Jon Rahm, Justin Thomas stumble late at ZOZO CHAMPIONSHIP

Jon Rahm, Justin Thomas stumble late at ZOZO CHAMPIONSHIP
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THOUSAND OAKS, Calif. – It was supposed to be a showdown between two stars amongst the hills they once filmed epic movies and television shows. But there were no Oscar- or Emmy-winning performances from Justin Thomas or Jon Rahm on Sunday at the ZOZO CHAMPIONSHIP @ SHERWOOD.

Instead it was Patrick Cantlay who snuck up on the pair, going past them both to secure his third TOUR win.

Former FedExCup winner Thomas started with a one-shot lead over Rahm while Cantlay began three off the lead. But his 7-under 65 was enough to win outright after Thomas shot 69 and Rahm 68, leaving the powerful pair a shot off the pace.

RELATED: Final leaderboard | California Cantlay gets local win on foreign course

For Thomas, it was a lack of success on the par 5s that hurt his run. A birdie on the first of five long holes Sunday was the only one he managed, and while the heat was on down the stretch, Thomas couldn’t find a way to break par. Between the seventh and 17th holes, he had 10 pars and a bogey, allowing Cantlay to pounce.

“I just didn’t play very well. It’s unfortunate because I feel like I usually could have shot 5-under out there. To play the par 5s 1-under is just unacceptable if you’re trying to win a golf tournament. I fought like hell, I fought as hard as I could, I just didn’t have my best stuff,” Thomas said.

Thomas was still in the mix as he geared up for his approach shot to the par-5 16th from 245 yards, but he flailed it to the right into a creek.

“I think if I birdie 16, I win the golf tournament. Something I’ve kind of been struggling with this week is leaving the face open. I just didn’t trust to strengthen my grip… and there’s no excuses other than just poor execution,” he added.

“It just sucks when you’re right there and you don’t get it done, but hopefully I’ll learn from it to where it won’t happen anymore.”

Going forward, Thomas foreshadowed some work on his mental game as much as his swing.

“I’ve got to find a way to kind of just stay a little bit more focused out there. It’s crazy, but sometimes it’s hard to just kind of keep the killer instinct and stay in the zone when it’s as quiet as it is out there,” he said referring to the current spectator-free COVID-19 safe conditions.

“It’s tough, but we’re all dealing with it and I just have to find a little bit better way with how to cope with that here in the next couple weeks.”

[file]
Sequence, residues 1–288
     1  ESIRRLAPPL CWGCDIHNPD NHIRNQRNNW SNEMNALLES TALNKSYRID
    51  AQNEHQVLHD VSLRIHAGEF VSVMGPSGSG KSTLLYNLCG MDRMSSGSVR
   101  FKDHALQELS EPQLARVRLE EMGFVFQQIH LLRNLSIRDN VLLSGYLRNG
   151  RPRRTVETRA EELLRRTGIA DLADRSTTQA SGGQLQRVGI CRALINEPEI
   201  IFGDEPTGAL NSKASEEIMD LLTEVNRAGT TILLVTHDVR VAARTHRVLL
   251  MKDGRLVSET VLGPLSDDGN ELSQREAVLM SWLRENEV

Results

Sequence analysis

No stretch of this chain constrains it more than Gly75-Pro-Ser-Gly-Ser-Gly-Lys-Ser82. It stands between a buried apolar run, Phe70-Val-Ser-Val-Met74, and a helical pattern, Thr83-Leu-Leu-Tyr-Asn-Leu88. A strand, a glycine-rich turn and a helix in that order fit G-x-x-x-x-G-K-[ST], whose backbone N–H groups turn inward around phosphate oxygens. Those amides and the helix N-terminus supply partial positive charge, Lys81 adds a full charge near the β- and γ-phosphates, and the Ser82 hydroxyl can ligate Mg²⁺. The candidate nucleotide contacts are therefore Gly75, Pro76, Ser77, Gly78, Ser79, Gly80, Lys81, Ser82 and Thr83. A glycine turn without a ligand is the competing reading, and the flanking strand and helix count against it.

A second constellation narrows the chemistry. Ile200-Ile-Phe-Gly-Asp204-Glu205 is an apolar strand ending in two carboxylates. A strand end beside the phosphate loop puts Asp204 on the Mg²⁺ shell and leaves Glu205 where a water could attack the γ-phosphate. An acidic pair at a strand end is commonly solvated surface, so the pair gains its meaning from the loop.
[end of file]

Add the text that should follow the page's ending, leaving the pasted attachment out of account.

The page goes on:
Rahm had appeared to be the likely champion when he birdied the seventh, ninth and 11th holes back-back-to-back, but bogeys on the 12th and 13th holes sent him reeling. He managed to fight back, but the Spaniard ultimately missed a 15-foot chance on the 17th and a 19-foot putt on the 18th. Either would have allowed him to catch Cantlay and force extra holes.

“I can tell you none of us are happy. It’s upsetting … I was swinging it good all day. I keep going back to 12 and 13, just a couple unlucky moments,” Rahm said. “Wind switched, gusts on 12 that made me end up short with a not impossible shot, but very farfetched to hit it close, and then on 13 pretty much the same thing.

“It’s unfortunate but there’s a lot of positives to take. I hit it great off the tee and my iron game was really good. I hit a lot of shots the way I wanted to, a lot of fades and draws, and I was moving the ball really well, which come Augusta, it’s a positive to take.”

Rahm said his final putt was a tough one as it was downhill and needed to be died in the hole. He read it a cup left and it broke a little more. For the 25-year-old, it was the hole before, or even earlier in the week, where it was lost.

“I thought the one on 17 was in the whole way and at the end it just stayed right, didn’t break,” Rahm said.

“It is what it is. I can go all the way back to the first hole of the tournament where I missed a 3‑footer for birdie on 10 to start the tournament … I can pick easily one shot I could have done better. But it’s just golf. It’s what it is, it happens.”

Ironically, right after he missed his chance, Thomas made an inconsequential birdie of his own. Inconsequential except for the fact it moved him into a tie for second, which stopped Rahm returning to world No. 1 at Dustin Johnson’s expense.

There was a little drama after all.

Source: PGA tour

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